His head covered with a handkerchief and sandal paste smeared on his forehead, Archbishop Leo Cornelio of Bhopal sits with Hindu leaders. And he lets Hindu girls tie sacred threads on his right hand as a mark of them accepting him as a brother. For the Archbishop of Bhopal in central India, being part of the Hindu Rakhi (Festival of Siblings) has become an annual event. "We need to reach out to all people who have negative ideas about us," Archbishop Cornelio, who is based in the capital of Madhya Pradesh state, where the tiny Christian community has been subjected to violent attacks. Christians are often a soft target for hard-line Hindus who believe they seek religious conversions
through charitable works among the poor and marginalized. The "negative perception" among many of Madhya Pradesh's majority Hindus, who form 90 percent of its 71 million people, could only be changed through regular interreligious interactions. As Christians comprise only 0.3 per cent of the population, the Hindu majority most often see them from a distance and do not get a chance to interact. Divine Word Archbishop Cornelio has been working to involve the Christian community in the mainstream of social life ever since he headed Bhopal Archdiocese in 2007. Earlier, when he was bishop of Khandwa in the state in 1999, he had not felt the need to reach out to other religious leaders and people. But he came to realize that Christians have much to gain from such links. With increasing violence against Christians, as head of the archdiocese in the state, he now sought to "lead the community from the front" in terms of interreligious relations. His participation in the Hindu Festival of Siblings was a case in point. During the important Hindu festival, women tie a sacred thread on the wrist of their brothers to symbolize their protection and care. The festival also accepts males who are not biological siblings, but who women and girls consider to be like brothers. The archdiocese celebrated Rakhi to express "oneness" with people around them. "Nobody objects to us celebrating it and no church teaching is against it," Archbishop Cornelio says.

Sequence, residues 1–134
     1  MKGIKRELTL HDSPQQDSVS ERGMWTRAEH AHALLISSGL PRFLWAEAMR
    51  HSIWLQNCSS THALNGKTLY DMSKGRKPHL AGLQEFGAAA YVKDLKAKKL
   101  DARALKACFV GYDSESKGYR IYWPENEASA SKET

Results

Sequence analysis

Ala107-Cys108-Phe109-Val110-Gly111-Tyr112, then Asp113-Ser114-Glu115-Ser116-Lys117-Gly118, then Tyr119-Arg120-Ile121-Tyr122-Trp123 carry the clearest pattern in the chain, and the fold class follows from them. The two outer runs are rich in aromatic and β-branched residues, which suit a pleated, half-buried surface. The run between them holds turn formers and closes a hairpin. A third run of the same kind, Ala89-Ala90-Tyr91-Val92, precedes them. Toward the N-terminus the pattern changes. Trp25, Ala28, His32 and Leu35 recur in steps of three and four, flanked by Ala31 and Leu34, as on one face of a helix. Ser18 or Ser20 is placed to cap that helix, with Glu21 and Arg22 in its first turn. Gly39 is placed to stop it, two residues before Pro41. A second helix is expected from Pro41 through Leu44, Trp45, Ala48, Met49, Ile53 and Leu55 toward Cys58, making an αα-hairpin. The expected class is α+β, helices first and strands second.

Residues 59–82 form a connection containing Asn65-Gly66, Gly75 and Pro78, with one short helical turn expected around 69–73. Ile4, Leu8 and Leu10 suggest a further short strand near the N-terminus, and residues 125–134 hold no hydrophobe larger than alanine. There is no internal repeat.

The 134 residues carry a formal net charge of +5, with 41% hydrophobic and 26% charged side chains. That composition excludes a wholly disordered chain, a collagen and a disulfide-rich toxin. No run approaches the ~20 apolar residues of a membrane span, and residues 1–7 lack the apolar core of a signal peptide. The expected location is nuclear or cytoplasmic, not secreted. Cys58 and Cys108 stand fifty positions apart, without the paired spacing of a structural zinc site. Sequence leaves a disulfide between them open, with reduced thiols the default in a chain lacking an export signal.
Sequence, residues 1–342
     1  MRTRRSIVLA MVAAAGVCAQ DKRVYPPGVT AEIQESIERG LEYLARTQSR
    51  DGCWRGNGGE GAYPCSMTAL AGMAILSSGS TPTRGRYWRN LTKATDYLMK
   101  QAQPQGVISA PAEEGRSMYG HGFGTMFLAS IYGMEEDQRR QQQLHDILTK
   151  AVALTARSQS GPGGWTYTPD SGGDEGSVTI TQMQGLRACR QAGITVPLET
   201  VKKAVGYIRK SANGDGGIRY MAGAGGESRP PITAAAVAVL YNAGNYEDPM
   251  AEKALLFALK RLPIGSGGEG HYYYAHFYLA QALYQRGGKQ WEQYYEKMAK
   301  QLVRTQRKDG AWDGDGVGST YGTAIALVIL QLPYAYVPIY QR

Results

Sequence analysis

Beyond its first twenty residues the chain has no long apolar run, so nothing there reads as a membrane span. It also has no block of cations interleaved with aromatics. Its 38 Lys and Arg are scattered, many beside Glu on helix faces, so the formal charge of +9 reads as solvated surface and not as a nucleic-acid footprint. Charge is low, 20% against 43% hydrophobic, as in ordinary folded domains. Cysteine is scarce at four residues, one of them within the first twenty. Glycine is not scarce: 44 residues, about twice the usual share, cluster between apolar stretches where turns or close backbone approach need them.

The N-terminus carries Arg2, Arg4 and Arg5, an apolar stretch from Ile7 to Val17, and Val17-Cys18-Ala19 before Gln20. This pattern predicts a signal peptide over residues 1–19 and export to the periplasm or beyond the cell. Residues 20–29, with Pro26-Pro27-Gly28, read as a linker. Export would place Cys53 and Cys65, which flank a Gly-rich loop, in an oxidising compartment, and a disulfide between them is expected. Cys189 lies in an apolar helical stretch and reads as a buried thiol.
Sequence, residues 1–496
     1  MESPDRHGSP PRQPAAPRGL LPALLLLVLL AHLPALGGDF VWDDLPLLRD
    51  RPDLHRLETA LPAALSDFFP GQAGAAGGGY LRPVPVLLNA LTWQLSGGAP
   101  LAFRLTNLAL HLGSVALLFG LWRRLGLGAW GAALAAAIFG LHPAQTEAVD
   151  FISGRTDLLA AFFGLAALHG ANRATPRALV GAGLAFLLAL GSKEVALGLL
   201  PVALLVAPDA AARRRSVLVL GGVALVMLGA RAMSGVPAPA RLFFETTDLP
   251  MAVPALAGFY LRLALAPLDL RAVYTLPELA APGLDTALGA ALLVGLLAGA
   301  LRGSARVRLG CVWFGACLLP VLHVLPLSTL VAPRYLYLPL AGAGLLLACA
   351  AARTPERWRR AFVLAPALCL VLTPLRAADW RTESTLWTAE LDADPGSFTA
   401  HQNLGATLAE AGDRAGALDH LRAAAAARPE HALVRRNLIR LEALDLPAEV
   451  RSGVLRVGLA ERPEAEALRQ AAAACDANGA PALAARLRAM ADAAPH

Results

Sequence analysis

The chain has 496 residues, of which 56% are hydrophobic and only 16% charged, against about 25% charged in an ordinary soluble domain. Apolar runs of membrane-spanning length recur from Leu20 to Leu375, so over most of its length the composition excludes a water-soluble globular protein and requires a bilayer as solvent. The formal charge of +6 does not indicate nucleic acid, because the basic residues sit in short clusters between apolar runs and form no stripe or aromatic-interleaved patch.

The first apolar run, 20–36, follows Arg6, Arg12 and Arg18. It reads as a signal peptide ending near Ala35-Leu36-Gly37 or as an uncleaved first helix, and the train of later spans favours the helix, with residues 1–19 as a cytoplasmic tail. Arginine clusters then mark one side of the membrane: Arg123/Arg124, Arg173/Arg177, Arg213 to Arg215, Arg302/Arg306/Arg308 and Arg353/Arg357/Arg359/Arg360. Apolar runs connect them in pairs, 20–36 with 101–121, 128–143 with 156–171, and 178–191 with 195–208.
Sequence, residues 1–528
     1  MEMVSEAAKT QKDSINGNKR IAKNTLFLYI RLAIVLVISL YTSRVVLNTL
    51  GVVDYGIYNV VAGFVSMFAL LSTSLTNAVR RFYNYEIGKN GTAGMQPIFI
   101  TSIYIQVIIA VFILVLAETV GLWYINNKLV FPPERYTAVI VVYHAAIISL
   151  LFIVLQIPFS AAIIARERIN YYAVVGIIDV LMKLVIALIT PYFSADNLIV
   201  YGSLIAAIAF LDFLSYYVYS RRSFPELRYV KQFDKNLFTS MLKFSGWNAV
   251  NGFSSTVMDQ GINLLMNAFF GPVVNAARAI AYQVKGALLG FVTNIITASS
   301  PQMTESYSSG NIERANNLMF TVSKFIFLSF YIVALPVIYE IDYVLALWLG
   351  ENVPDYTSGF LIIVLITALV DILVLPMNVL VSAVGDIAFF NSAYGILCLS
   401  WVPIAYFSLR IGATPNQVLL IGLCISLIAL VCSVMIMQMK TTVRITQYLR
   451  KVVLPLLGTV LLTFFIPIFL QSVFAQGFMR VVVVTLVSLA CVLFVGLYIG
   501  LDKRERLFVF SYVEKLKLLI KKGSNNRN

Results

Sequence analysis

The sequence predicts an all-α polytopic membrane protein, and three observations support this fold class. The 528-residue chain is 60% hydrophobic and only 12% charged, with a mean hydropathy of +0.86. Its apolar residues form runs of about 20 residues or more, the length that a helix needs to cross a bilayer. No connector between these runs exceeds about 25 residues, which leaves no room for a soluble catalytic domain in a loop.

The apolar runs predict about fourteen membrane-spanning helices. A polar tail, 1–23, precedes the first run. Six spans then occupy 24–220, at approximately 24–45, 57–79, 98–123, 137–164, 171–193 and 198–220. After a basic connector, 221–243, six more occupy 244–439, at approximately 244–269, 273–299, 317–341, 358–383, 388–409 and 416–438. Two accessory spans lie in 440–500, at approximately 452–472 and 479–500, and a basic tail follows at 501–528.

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"In fact, brotherhood and love are part of the Christian ethos." Apart from joining in Hindu festivals such as Rakhi and Diwali, the festival of lights, he also makes the archdiocese part of movements to protect the environment
. Archbishop Cornelio joined a campaign to protect the Narmada River
along with the state's pro-Hindu Chief Minister Shivraj Singh Chouhan in January. He joined a march of more than 100 people — including Hindu ascetics, activists and political leaders — aiming to create awareness on protecting the river, considered the lifeline of the state. The archdiocese also organized a candle-lit march and public function along with Hindus, Muslims, Sikhs and Buddhists on Oct. 2, celebrating the birth anniversary Mahatma Gandhi
the father of the Indian nation who is revered for his belief in non violence or ahimsa
, a resistance strategy that delivered India from colonialism. Archbishop Cornelio also wishes Muslim people well after their festival prayers and visits Muslim religious leaders at their homes on feast days.
A Muslim organization — the All India Council of Human Rights, Liberties and Social Justice — honored him with its International Human Rights Award in 2015.
He also works to build a good rapport with the state government run by the Hindu nationalist Bharatiya Janata Party (BJP), even though some critics consider it to be the political arm of groups wanting to turn India into a Hindu-only nation. His keenness to make his archdiocese part of government environmental and other projects has helped the Christian community gain greater political attention.
Chouhan regularly organizes Christmas carols and a dinner during the Christian festive season for the community and other religious leaders, a unique feature in the state.
Earlier this year, when Latin-rite bishops of India met in the city for their annual gathering, Chouhan addressed them, lauding Archbishop Cornelio's efforts to involve the Christian community in the state's social life. "Some Hindu groups are opposed to our work, but not everyone is against us," Archbishop Cornelio asserts with a sense of optimism. Perceptions would change as Christians got to know people of other faiths, even those who might oppose them, he said. "They will gradually understand us," Archbishop Cornelio said. "That's what I learnt from my experience."